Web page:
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Product managers are some of the best paid people in Silicon Valley, but what do they do exactly?

Exact salaries depend on the seniority, the industry and the experience level of the product manager.

But as a product manager you can expect to earn between $46,000 (as an associate) and $200,000 (as a director). The average salary of a product manager is $108,992, according to Glassdoor.

A product manager is responsible for product planning and execution throughout the product life cycle.

So what do we mean by product?

At a tech company like Google, for example, a product could be a software product like Gmail, YouTube, Chrome, StreetView or a piece of hardware like an android mobile device.

The role involves researching customer needs, defining product’s visions and ensuring customer satisfaction.

Product managers are responsible for expressing the value of your product to their team and explaining why its release would benefit the company.

At Google, the product management team works closely with engineers to guide products from conception to launch, and with business partners to generate profitable revenue streams.

Being a Product Manager

Product management demands competency in a wide range of disciplines including marketing, engineering, psychology, business and analytics.

You need to be a good leader as you’re responsible for leading a cross-functional team and ensuring that everyone is working towards the same goals.

Expect a Lot of Research

As a product manager, you’ll need to be able to collect data and draw conclusions from it. This includes market research, competitor analysis and customer research.

Experts have attributed research as the most important skill to bring to the job. You have to constantly research and bring new ideas forward to stay relevant in the industry.

Research is also key to out-doing competitors, finding their pain points and resolving them.

At a recent Start Me Up Career Kickstarter event, Senior Product Manager for Nike, Serge Bajic, recommended all aspiring product managers read Research Methods For Business: A Skill Building Approach.

A CEO With Less Risk

Product management is arguably the most similar role to a CEO there is within a company. This makes it a good pathway for career progression, offering you the best training you could get for running a company.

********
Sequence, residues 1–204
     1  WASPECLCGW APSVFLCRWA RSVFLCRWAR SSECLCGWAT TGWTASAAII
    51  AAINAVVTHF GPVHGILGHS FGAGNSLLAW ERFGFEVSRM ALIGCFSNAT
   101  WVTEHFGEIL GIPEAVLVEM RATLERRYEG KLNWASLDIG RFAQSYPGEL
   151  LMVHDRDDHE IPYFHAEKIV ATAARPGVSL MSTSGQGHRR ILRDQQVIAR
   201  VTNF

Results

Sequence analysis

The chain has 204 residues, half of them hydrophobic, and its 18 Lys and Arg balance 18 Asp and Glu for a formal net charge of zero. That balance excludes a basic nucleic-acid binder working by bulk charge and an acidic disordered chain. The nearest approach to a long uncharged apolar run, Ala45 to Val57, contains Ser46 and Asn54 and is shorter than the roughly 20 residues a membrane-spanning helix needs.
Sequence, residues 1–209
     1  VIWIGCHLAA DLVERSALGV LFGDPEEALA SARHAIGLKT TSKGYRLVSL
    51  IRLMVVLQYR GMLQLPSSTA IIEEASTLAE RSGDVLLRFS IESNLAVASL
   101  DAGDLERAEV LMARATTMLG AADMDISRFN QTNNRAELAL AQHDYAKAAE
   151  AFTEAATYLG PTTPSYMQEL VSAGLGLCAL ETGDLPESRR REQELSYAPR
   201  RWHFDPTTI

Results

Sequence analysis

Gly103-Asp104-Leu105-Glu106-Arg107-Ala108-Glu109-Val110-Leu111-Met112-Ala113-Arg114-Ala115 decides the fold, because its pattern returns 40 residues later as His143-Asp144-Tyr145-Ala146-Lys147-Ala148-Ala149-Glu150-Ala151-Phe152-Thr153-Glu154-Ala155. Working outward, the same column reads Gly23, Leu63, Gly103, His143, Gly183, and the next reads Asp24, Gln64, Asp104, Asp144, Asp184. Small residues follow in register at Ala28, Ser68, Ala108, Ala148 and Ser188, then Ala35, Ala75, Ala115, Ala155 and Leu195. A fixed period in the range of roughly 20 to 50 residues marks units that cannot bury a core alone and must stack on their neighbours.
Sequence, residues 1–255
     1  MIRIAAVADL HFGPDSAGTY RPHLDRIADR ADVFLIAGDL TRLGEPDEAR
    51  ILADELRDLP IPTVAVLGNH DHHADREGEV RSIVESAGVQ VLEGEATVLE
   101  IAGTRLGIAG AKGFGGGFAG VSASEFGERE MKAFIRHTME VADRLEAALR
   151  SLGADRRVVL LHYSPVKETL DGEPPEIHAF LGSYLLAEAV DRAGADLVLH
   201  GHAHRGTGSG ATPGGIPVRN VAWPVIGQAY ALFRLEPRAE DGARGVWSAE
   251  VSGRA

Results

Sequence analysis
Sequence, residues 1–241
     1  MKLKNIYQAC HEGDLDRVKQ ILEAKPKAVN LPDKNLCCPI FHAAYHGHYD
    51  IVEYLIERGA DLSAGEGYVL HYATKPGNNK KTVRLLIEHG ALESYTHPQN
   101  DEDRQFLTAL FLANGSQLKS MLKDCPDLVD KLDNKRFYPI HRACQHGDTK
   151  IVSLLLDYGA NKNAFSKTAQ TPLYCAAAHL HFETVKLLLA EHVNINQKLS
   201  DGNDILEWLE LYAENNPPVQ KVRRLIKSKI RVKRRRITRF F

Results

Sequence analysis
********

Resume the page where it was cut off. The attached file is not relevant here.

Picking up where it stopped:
You’ll be exposed to similar challenges that you’d face running your own business, but with far less risk. You’ll be the CEO of the product, responsible for the strategy, road map and feature definition.

They’ll Be Variety

Life as a product manager is far from boring and great for the curious minded. If you think you’d get bored focusing on one domain all the time, this could be the job for you.

You’ll be coordinating with design, engineering and marketing teams to ensure the product is ready for release, its features are highlighted and it’s going to reach the right audience.

General Responsibilities

Talking to Customers

You’ll need to understand whether what you’re working on will be valuable to customers, and plan upcoming features based on their wants and needs.

Strategy Planning

A good product manager will have a backlog of product feature ideas ready for development. You’ll have to keep lists up to date by researching the current market to see if the potential product would likely be successful.

Specification Writing

You’ll need to write comprehensive specifications to outline your products features and market it to the audience.

Data Analysis

Data is crucial to making well-informed product decisions. You must be able to understand data and run analysis to determine different things – such as when a product should be put to market.

Excel is the platform used to run most data analysis. According to experts, a working knowledge of excel is one of the most important skills you need to be a good product manager. Excel is relatively easy to learn and a skill that can be transferred to other software too.


Summarising important information to be shared with stakeholders is another key responsibility of a product manager. You need to know what your team is up to, what new products are coming out and why they are valuable for the company.

It’s important to keep all stakeholders in the loop when decision making is involved. Documentation allows for the justification of decisions.

A Day in the Life of a Product Manager


Bajic described his day for us. He says you can expect between five and six hours of your working day to be taken up with communicative activities. This can include meetings, emails and slack communication.

You’ll be doing three to four hours of independent, productive work. This could include working on business cases, stories, analysing data, documentation, research and product discovery.

Such tasks will vary for every product manager, but you can expect to be responsible for the tasks outlined in the above section.

Working Hours

To get ahead and progress up the career ladder faster, many product managers will work extra hours. From waking up early to answer emails to responding to out of hours emergencies, there’s opportunities to show your commitment and make a good impression.


Product managers are bound by meetings, but other than that they have the freedom to structure their own days free from micromanagement.

Lots of Variety

A day in the life of a product manager will vary depending on what stage of the product development lifecycle their product is in. These consist of discovery, planning and execution.

But ultimately, the specifics of the role will also depend on the type, size and culture of the company.

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